Figure 1: Differences between food allergy, food intolerance and food poisoning

Why Burger Patties Should Not be Eaten Raw or Lightly Cooked?

The surface of meat may be contaminated by harmful bacteria such as Salmonella and pathogenic E. coli. during slaughtering and handling.  For a steak which is an intact cut of beef, its interior usually does not contain bacteria.  Simply searing the surface of the steak can kill the bacteria on the surface.  However, when meat is minced to make burger patties, any harmful bacteria present on the surface of the raw meat will spread throughout the patties.  Unless the burger patties are cooked right through, the bacteria inside may remain alive after cooking.  Since food poisoning organisms are prevalent throughout the food chain, this happens to all burger patties, including those made from good quality or expensive meat.

Food Safety First

Food handlers who mistake food poisoning for food allergy may overlook food safety practices because they are not aware that the adverse conditions of their customers upon eating undercooked burgers are due to bacteria contamination.  It is imperative that food handlers should realise the causes of food poisoning and prevent it by adopting food safety practices.  To prevent foodborne diseases, one should follow the "5 Keys to Food Safety" when handling food: Choose (choose safe raw materials); Clean (keep hands and utensils clean); Separate (separate raw and cooked food); Cook (cook thoroughly); and Safe Temperature (keep food at safe temperature), which are simple and effective .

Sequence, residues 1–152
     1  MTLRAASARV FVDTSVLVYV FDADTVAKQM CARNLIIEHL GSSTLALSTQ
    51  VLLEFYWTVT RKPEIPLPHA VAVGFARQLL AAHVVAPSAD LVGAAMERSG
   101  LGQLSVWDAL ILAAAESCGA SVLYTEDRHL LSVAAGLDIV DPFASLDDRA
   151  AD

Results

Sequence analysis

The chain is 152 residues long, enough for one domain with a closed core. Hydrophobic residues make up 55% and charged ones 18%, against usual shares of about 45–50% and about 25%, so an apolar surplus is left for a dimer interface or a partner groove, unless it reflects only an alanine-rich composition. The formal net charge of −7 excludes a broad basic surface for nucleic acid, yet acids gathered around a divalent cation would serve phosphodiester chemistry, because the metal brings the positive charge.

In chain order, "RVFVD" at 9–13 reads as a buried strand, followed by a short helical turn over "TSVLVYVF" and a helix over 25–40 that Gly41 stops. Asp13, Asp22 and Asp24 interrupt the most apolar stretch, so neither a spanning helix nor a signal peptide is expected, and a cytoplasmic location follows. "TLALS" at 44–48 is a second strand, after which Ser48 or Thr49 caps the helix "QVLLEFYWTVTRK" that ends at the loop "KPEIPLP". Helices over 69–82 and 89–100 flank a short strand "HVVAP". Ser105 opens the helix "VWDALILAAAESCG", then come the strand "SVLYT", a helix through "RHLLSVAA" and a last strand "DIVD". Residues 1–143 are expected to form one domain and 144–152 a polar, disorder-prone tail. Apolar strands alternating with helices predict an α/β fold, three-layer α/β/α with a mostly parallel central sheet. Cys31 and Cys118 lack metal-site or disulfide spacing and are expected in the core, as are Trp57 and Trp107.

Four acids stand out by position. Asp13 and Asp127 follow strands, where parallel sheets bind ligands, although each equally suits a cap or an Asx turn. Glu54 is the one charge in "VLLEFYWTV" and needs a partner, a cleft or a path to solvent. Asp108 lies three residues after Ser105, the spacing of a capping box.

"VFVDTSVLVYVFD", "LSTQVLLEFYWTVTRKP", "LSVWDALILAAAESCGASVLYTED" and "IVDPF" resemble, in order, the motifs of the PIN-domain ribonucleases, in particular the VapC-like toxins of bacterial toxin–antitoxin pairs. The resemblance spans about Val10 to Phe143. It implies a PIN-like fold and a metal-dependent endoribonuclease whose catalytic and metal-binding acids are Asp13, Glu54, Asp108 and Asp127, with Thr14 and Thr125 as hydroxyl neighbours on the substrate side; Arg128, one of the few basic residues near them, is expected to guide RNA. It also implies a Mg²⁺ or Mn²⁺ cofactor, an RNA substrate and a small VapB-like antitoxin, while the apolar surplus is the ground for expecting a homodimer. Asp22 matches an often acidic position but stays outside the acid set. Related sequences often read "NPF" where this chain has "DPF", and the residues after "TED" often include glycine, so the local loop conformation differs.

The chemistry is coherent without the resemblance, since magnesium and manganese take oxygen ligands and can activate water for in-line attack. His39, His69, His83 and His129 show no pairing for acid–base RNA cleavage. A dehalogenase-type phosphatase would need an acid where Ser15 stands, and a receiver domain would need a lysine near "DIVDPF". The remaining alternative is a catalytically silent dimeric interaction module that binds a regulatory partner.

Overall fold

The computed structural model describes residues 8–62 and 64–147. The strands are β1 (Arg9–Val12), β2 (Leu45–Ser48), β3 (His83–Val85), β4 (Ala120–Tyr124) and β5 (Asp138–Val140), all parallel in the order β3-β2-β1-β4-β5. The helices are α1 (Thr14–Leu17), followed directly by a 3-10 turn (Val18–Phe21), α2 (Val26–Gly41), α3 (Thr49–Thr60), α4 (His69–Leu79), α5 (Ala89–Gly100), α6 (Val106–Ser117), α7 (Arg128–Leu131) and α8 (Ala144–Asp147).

Mascot ON in Lesson

Pasteurisation and Food Safety

What is Pasteurisation?

Pasteurisation is a common food preservation technique besides canning and freezing.  Used for perishable foods such as milk, eggs and juices, pasteurisation is a heat treatment process that aims at reducing the number of pathogenic microorganisms to a level at which they do not seriously endanger health.  It helps maintain the desirable texture of food products such as tiramisu and soft-scrambled eggs.

Named after Louis Pasteur, a scientist who proved in the 1860s that heating wine and beer for a few minutes would prevent spoilage, pasteurisation involves heating food to a specific temperature for a set period of time.  It aims at extending the shelf life of food by inactivating non-spore-forming pathogenic bacteria and vegetative cells of spoilage microorganisms, as well as inhibiting enzyme activity.

Figure 2: Pasteurised food products commonly available on the market

Various processing time and temperature combinations can be applied for pasteurisation.  For example, raw milk can be pasteurised by heating at 63℃ for 30 minutes or at a higher temperature of 72℃ for 15 seconds, and then immediately cooling it to a temperature below 10℃.  Pasteurisation systems are developed to achieve a 99.999% reduction of the microbial load by using the most heat-tolerant target pathogen Coxiella burnetii.  The higher the temperature applied, the shorter the heat treatment time is required.  The pasteurisation time and temperature combinations applied are designed for killing harmful bacteria such as Listeria, Salmonella, Campylobacter and Mycobacterium bovis (a common cause of tuberculosis before the widespread application of pasteurisation in commercial milk production).  However, pasteurisation has its limitations.  Some spore-forming bacteria like Bacillus may remain active after pasteurization, which may lead to food spoilage or even food poisoning if the pasteurised food is stored under improper conditions.